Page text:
Many of you are familiar with the growing trend in philanthropy of online giving. Organizations everywhere are growing increasingly dependent on their website, Facebook page, and Twitter accounts as ways to engage prospective donors and encourage people to donate. Minnesota's own GiveMN, an innovator in e-philanthropy, hosted their annual Give to the Max Day challenge and raised $13.4 million in online donations in just 24-hours. This has led some organizations to change their fundraising strategy from the traditional way of asking for funds throughout the year, to a new strategy of focusing on donating on just one day in order to build excitement and capitalize on challenge incentives and matched prizes. This strategy worked well for one small Minneapolis organization that was able to raise $100,000 in one day and snag the number one spot in their Give to the Max category. There is little doubt that the power of the Internet in getting people to reach into their pockets is clearly the way of the future.
Not surprisingly there has been a growing number of young professionals connecting to online giving. Two model organizations in the Twin Cities, LEAD and Eat for Equity, are focusing not only on collecting donations but also on catering to the willingness of these new funders to be involved in the activities of their chosen organization. Call them volanthropists or philanteers, but both organizations are realizing that these days funders, especially young ones, are saying, " Here, take my money through my donating app, but I also want to help and be personally involved with what you are doing."
LEAD, which stands for the Leadership Emergence and Development Project, was founded by Matthew Hemsley in 2006 as a way to bring philanthropy to young professionals in the Twin Cities. The goal is to connect this largely untapped group of professionals to non-profits to foster sponsorship and also provide opportunities for these professionals to become board members or engage in the activities that the non-profits are working on. LEAD hosts numerous events throughout the year from philanthropy fairs, where young professionals can get a sampling of the many non-profits working in the Twin Cities, to gala fundraising events that create networking opportunities and generate support for nonprofits.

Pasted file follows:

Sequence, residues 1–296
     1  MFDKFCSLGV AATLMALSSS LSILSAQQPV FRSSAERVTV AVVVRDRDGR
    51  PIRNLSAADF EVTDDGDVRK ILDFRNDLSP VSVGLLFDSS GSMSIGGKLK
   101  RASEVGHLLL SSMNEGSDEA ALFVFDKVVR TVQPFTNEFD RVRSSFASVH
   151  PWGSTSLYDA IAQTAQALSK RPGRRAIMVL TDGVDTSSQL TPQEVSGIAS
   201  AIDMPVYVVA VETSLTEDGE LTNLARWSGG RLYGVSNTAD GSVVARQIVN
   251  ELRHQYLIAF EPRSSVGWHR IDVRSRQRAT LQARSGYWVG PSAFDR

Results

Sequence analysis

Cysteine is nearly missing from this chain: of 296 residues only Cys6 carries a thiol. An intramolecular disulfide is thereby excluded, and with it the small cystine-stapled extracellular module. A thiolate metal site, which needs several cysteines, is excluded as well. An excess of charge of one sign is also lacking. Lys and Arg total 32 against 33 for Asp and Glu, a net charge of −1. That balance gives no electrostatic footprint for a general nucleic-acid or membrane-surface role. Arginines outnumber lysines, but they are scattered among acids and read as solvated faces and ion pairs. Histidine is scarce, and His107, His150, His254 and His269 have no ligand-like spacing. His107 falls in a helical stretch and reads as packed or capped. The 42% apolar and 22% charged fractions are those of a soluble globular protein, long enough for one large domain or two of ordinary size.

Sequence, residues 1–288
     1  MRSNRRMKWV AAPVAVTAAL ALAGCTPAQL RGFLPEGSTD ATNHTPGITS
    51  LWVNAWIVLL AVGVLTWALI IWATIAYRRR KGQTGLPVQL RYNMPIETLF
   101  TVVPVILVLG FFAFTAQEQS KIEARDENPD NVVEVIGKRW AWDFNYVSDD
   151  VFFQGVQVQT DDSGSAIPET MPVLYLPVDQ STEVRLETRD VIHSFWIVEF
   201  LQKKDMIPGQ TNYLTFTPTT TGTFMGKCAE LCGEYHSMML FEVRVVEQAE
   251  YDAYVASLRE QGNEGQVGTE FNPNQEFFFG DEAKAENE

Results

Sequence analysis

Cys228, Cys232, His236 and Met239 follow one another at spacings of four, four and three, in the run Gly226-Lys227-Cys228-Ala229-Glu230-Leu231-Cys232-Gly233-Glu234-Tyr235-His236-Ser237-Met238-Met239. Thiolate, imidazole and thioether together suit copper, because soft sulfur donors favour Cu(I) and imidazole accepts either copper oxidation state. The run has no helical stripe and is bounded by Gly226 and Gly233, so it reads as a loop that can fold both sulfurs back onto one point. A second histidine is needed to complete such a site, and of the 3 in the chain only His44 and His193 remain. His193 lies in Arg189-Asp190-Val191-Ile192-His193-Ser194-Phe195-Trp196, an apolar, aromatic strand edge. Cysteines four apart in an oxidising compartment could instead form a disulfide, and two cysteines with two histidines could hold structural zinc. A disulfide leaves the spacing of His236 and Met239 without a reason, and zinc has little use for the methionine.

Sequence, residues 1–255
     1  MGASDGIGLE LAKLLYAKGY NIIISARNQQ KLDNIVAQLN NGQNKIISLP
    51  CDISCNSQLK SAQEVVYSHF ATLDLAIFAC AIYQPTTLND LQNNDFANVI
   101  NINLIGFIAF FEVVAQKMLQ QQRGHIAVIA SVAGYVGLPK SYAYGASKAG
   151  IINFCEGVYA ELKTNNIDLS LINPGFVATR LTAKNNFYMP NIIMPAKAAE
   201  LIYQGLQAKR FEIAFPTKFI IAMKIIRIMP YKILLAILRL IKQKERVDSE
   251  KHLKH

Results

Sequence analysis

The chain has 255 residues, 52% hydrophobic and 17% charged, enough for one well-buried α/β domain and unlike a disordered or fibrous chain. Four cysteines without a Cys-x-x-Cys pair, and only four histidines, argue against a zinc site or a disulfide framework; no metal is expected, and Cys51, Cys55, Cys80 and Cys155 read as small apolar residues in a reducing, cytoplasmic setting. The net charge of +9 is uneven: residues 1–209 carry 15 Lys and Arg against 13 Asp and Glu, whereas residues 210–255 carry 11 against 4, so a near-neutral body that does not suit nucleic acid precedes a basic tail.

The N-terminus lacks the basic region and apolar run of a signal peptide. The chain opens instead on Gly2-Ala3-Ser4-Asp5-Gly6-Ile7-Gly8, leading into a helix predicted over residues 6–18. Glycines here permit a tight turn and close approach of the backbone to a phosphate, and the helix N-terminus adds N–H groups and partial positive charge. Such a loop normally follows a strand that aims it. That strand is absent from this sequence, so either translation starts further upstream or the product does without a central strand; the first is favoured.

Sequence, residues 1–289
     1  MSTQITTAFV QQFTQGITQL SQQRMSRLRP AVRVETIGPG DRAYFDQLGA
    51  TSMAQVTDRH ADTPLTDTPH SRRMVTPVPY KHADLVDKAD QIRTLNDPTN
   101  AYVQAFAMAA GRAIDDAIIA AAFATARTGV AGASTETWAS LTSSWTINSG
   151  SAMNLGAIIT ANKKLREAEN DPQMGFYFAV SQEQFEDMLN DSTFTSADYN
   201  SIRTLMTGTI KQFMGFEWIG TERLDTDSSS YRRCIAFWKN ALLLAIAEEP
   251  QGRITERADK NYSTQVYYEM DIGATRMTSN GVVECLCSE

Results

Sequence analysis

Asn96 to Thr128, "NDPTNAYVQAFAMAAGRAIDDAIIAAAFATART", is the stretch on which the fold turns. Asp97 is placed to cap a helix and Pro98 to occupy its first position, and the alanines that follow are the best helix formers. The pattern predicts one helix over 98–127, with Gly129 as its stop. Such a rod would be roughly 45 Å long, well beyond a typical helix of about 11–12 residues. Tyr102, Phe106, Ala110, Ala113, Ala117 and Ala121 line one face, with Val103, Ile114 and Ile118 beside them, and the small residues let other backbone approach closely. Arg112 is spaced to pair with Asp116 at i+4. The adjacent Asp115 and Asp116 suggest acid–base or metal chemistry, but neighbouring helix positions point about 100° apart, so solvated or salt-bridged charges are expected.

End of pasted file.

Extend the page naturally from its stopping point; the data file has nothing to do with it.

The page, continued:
A different approach has been taken by Eat for Equity, a non-profit started in Boston in the wake of Hurricane Katrina. A group of students decided to make New Orleans themed food and invite all of their friends to contribute for the dinner in order to raise money for Katrina victims; with that, Eat for Equity was born. Eat for Equity now operates in Boston, Minneapolis, and Portland, with each branch hosting monthly meals and all proceeds going to a different organization each month. In Minneapolis, the non-profit organizations receiving support are nominated online and then chosen by Eat for Equity board members. The meals are hosted in homes around the city with small armies of volunteers helping to solicit food donations, setup the host house, prepare food, and cleanup after the festivities. This is just another example of the new face of philanthropy: gatherings of young adults wanting to enjoy a good meal that also supports a good cause.
Both of these organizations have embraced the new trends in philanthropy but more importantly they have recognized the importance people place on tracking where their money is going. People do not want to sign off on a check anymore, instead they want to see exactly who and what is benefitting from their donation and if possible take part in facilitating the activities made possible by their contribution.